La Sierra celebrates conclusion of first capital campaign
University administration thanked God for His many blessings and expressed their appreciation to donors, faculty, staff and campaign leadership during an afternoon ceremony at Hamilton Terrace, an outdoor performance venue between Hole Memorial Auditorium and the university library.
“In each new learning space provided by the “Time to Build” campaign, La Sierra University is engaging students in ways that enhance their lives,” said university President Randal Wisbey in his remarks. “ And the “Time to Build” campaign sends a resounding message to our students, both current and future – La Sierra University has a strong and promising future.”
“A Time to Build” launched in 2005 and ultimately received $27.6 million in gifts and pledges from 980 donors. The funds were instrumental in the completion of the Thaine B. Price Science Complex, the Tom and Vi Zapara School of Business, the Feldkamp Student Center, the Weldon and Joan Schumacher Science Park, and “The Glory of God’s Grace” sculpture plaza, a striking sculpture and campus centerpiece by artist and former La Sierra professor Alan Collins depicting the biblical story of the prodigal son.
Wisbey recalled his tour around campus in 2007 with then president Larry Geraty and cited the campus transformation that began with the university’s land endowment and which included the completion of the Price Science Complex in 2006, the university’s first new building in 30 years. “We’re thankful to you, Dr. Geraty, for the vision of that moment,” Wisbey said.
He added that the university has already named its next capital campaign.
Geraty recalled developmental milestone anecdotes connected with the campaign including the acquisition of funding for the Schumacher Science Park donated by Weldon Schumacher. As an elementary student, Schumacher attended school in a facility formerly located at the science park. At one point, a teacher at the school told Schumacher he would not amount to anything in life. Geraty recounted approaching Schumacher about a possible donation for the park. “I suggested to him how appropriate it would be if through a gift of $5 million he could give the lie to his teacher’s evaluation, and his alma mater could create a science park at that very location. He loved the idea,” Geraty said.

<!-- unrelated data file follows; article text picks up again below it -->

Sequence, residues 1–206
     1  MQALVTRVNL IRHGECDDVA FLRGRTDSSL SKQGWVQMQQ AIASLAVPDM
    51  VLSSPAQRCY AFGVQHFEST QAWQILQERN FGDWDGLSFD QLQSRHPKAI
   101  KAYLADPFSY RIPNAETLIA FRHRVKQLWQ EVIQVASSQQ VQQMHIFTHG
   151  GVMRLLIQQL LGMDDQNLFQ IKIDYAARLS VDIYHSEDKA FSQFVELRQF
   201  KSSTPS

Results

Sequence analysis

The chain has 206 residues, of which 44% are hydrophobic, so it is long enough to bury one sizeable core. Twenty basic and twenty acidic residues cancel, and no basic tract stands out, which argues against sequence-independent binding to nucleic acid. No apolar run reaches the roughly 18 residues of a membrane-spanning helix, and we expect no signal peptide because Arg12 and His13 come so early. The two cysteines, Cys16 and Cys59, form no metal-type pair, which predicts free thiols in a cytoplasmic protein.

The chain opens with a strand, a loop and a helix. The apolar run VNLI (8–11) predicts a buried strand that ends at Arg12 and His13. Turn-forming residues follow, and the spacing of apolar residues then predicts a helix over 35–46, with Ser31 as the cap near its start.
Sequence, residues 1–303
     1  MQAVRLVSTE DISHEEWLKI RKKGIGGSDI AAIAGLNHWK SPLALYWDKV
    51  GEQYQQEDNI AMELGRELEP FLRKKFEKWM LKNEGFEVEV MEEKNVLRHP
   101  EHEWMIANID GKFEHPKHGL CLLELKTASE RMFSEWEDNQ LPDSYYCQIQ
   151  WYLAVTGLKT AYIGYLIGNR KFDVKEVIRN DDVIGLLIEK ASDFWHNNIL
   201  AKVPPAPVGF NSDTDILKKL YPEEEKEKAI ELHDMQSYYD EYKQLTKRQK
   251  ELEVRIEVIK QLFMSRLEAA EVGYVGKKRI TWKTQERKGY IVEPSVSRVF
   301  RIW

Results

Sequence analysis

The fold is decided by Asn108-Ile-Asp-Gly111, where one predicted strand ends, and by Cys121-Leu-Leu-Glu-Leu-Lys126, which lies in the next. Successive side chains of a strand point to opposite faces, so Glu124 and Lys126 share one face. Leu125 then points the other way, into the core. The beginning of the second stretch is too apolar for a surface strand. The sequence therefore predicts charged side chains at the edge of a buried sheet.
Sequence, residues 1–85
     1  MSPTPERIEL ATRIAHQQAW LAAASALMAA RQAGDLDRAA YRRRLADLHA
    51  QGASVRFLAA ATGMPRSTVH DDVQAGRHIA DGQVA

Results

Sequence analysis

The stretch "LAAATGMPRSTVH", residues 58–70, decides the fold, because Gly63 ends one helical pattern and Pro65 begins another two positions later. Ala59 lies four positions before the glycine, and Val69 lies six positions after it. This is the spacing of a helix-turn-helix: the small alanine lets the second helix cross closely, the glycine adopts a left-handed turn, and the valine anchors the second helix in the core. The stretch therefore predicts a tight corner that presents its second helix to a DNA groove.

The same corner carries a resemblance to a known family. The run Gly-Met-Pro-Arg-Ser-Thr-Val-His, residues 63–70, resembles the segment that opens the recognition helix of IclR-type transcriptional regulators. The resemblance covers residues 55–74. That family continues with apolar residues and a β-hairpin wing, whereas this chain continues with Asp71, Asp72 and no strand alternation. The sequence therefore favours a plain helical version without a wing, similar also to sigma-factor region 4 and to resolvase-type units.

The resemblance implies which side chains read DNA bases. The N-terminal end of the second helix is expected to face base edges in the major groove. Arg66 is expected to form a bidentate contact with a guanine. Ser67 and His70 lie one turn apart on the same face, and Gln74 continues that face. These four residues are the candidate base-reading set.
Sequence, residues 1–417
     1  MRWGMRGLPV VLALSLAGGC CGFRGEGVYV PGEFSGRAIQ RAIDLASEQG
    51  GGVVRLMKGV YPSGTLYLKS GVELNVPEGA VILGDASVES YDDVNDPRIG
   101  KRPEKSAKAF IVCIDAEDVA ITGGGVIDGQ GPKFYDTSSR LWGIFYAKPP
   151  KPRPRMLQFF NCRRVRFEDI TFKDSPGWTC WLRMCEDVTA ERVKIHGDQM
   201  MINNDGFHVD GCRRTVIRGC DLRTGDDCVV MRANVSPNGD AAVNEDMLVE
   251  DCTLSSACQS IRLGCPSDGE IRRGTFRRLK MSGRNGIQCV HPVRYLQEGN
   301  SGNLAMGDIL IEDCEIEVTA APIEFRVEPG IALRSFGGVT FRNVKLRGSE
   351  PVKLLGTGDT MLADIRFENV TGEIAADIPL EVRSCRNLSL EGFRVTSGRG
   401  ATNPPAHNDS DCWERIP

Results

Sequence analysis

“The bottom line is that since 1990, when this campus became an independent institution again, La Sierra University has prospered because board, administration, faculty, students, alumni, donors and a cooperative community have worked together in a ‘time to build,’ said Geraty.
Following the celebration of the capital campaign, attendees walked to the rededication and ribbon-cutting ceremony for Humanities Hall. The School of Business which moved into a new, 60,200-square-foot facility in September named for donors Tom and Vi Zapara formerly occupied the two-story, newly renovated space. The older building now houses two academic departments – English, and History, Politics and Society which moved respectively from South Hall and La Sierra Hall.
“As chair of the Board of Trustees, I’m honored to be a part of this moment of celebration for La Sierra University,” said board Chair Ricardo Graham prior to the ribbon cutting. “Forward-thinking universities like La Sierra understand that today’s students, who are often focused on science and technology, also need the capacity for inquiry that classes in the liberal arts can provide. The quality curriculum offered at this university meets the challenges in both areas.”
“The study of humanities remains a vitally important part of preparing graduates to lead meaningful lives, to flourish in their careers, and to be engaged citizens and thoughtful members of the Christian community,” said Wisbey before cutting a red ribbon stretched beneath an arch of yellow and blue balloons in front of the main lobby entrance. “The humanities are alive and well at La Sierra.”
Lora Geriguis, English department chair, described how the new and enlarged spaces, the kitchen, central lobbies and other areas, allow for frequent interaction between faculty and students of the two disciplines. The relocation of the Writing Center and its writing coaches from the computer center to Humanities Hall also centralizes services. “There’s been such a change in the culture of our departments,” she said.
Added Andrew Howe, History, Politics and Society chair, “We are very honored to have a building renovated in such a way that our students and our faculty are comfortable. It’s a pleasure to be in this building,” he said.
Commented English Professor Sam McBride regarding his new teaching and research quarters, “We love it. It’s fabulous.”